Price volatility means export challenges

Farm Credit Canada study covering 30 years shows most agriculture exports drop during periods of volatility

A Farm Credit Canada analysis of 30 years of trading showed that during periods of price volatility, Canadian exports usually decline to most markets.

Prices for soybeans, beef and pork are particularly volatile during periods driven by trade tensions – as are being seen right now.

That doesn’t bode well for producers of those commodities in 2018.

Why it matters: Volatility means more difficult sales and more conservative trading relationships, which can mean less predictable income for farmers. But it can also mean opportunities in some markets.

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The volatility is a cause for concern according to Farm Credit Canada’s new report, Navigating Trade Disruptions and Volatility, released Oct. 31. Canadian exporters and buyers have changed the way they bought and sold products.

“It can produce a hesitation among buyers, and them cutting back their purchases because it’s hard to plan. It can also lead buyers to hedge against higher prices,” said J.P. Gervais, FCC chief agricultural economist, who stressed during a conference call on the report that volatility is not necessarily bad.

The report says that buyers postpone purchases in hopes prices will retreat (because in periods of great volatility, they rise and decline quickly). Or they can be motivated to buy more when prices start to jump around, in efforts to hedge against the pain of future price increases they see as likely.

For its report FCC selected five commodities – canola, wheat, soybeans, beef and pork – and looked at a 30-year span from January 1988 to April 2018. Outside of the current trade spat between the U.S. and China, Gervais said past issues such as trade barriers and natural disasters have also contributed to the volatility over the years. Exports of all of the five commodities have grown over the 30 years covered by the report. However, exports of those commodities to the United States all declined during periods of volatility.

The report identifies four likely impacts of the currently volatility in the market, based on what has happened in the past.

  • The decline in soybean prices, caused by Chinese tariffs on U.S. soys in retaliation for U.S. tariffs, will likely cause some export changes, as the world supply chains are rearranged. This will also affect canola prices and exports, as an oilseed.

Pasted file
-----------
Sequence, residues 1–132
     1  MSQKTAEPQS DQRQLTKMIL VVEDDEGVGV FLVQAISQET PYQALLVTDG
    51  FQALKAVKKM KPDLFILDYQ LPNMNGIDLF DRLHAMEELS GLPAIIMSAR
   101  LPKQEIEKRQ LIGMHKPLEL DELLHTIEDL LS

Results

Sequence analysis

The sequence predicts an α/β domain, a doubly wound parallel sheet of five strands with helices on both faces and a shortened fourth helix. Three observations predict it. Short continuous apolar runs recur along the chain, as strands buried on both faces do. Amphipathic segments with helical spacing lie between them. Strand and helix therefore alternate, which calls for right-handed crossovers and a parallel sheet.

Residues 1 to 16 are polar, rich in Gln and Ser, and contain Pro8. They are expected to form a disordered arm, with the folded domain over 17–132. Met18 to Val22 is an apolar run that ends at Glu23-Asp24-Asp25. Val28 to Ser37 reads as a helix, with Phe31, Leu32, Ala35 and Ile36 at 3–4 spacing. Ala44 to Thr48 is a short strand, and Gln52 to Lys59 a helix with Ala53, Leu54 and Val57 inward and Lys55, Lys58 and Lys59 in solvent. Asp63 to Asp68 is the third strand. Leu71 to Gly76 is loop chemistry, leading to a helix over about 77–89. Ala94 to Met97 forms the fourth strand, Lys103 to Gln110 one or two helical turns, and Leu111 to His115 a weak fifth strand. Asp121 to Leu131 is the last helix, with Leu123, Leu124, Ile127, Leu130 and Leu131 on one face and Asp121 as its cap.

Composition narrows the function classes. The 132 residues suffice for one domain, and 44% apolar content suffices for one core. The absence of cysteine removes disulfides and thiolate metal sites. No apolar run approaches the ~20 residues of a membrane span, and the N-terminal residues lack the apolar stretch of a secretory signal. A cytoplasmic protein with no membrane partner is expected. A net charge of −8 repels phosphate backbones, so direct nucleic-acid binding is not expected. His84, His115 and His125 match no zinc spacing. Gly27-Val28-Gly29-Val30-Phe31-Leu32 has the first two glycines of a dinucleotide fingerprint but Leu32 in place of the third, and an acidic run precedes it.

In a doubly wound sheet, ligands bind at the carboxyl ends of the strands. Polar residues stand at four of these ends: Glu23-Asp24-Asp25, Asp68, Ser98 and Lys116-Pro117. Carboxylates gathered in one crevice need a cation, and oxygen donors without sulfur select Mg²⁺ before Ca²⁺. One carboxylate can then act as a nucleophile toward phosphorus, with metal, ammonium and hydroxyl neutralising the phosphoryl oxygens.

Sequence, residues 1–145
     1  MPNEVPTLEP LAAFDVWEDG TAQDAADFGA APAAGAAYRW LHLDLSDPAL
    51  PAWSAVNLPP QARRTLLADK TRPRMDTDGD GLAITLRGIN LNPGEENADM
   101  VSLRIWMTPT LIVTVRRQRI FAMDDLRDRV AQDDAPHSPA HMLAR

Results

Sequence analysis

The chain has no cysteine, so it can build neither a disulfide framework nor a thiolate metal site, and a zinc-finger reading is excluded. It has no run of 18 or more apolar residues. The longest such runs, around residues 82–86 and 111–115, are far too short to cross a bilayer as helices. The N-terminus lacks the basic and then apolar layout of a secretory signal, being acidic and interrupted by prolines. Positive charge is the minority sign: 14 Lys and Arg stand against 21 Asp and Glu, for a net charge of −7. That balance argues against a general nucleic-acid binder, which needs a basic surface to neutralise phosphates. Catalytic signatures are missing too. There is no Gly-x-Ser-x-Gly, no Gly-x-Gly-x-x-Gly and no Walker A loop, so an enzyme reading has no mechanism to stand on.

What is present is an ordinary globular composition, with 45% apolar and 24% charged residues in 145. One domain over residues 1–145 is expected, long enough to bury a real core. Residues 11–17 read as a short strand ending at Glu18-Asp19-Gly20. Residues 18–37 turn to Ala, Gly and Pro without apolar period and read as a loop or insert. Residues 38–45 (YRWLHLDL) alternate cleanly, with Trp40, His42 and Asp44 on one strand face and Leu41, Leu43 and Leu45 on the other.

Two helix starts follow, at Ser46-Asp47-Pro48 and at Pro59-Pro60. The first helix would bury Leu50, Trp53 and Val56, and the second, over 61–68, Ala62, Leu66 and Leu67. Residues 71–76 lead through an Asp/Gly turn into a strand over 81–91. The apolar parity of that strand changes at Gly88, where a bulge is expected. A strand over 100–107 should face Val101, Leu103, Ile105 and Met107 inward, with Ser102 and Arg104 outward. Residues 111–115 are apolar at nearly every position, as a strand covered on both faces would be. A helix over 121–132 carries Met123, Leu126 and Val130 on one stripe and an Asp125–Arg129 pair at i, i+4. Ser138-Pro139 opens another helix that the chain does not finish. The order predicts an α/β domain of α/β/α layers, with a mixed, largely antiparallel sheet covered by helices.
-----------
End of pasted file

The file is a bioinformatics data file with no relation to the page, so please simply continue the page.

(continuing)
• China, Japan and the U.S. import 80 per cent of Canadian pork exports, and the report shows that they usually decrease their imports during times of volatility, although those declines are tremendous.
  • American beef buyers tend to delay purchases of Canadian beef during times of volatility, but those delays tend to be short lived. The U.S. is by far the largest market for Canadian beef exports. China and Japan have historically reduced imports during periods of volatility, but Hong Kong has tended to increase imports.
  • Key buyers drop imports of Canadian wheat during months of volatility, but they recover quickly, and so wheat exports are expected to see little overall impact.

“The negative impact of volatility, creating uncertainty for producers and businesses that export, as well as for buyers, is more of a factor that prevails when it comes to our Canadian pork exports. In that case for pork, volatility has more of a negative impact than anything else,” Gervais said.

“There’s a risk management lesson in all this. For the most part, producers have good production risk plans in place. From a financial risk standpoint as well most operations understand the need to have a good financial risk management plan in place,” Gervais said.

In 2017 Canada’s entire agri-food chain accounted for roughly 6.8 per cent of the country’s gross domestic product. Agri-food is Canada’s third largest export and accounted for US$420.6 billion in 2017.

About the author

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Glen Hallick writes for Commodity News Service Canada, a Winnipeg company specializing in grain and commodity market reporting.

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